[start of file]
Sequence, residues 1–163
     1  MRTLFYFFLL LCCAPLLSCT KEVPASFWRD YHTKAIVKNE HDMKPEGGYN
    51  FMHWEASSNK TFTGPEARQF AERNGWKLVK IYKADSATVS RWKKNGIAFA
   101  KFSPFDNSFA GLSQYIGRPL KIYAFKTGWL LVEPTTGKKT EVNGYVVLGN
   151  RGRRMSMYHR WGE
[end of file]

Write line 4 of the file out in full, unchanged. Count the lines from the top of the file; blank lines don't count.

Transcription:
   101  KFSPFDNSFA GLSQYIGRPL KIYAFKTGWL LVEPTTGKKT EVNGYVVLGN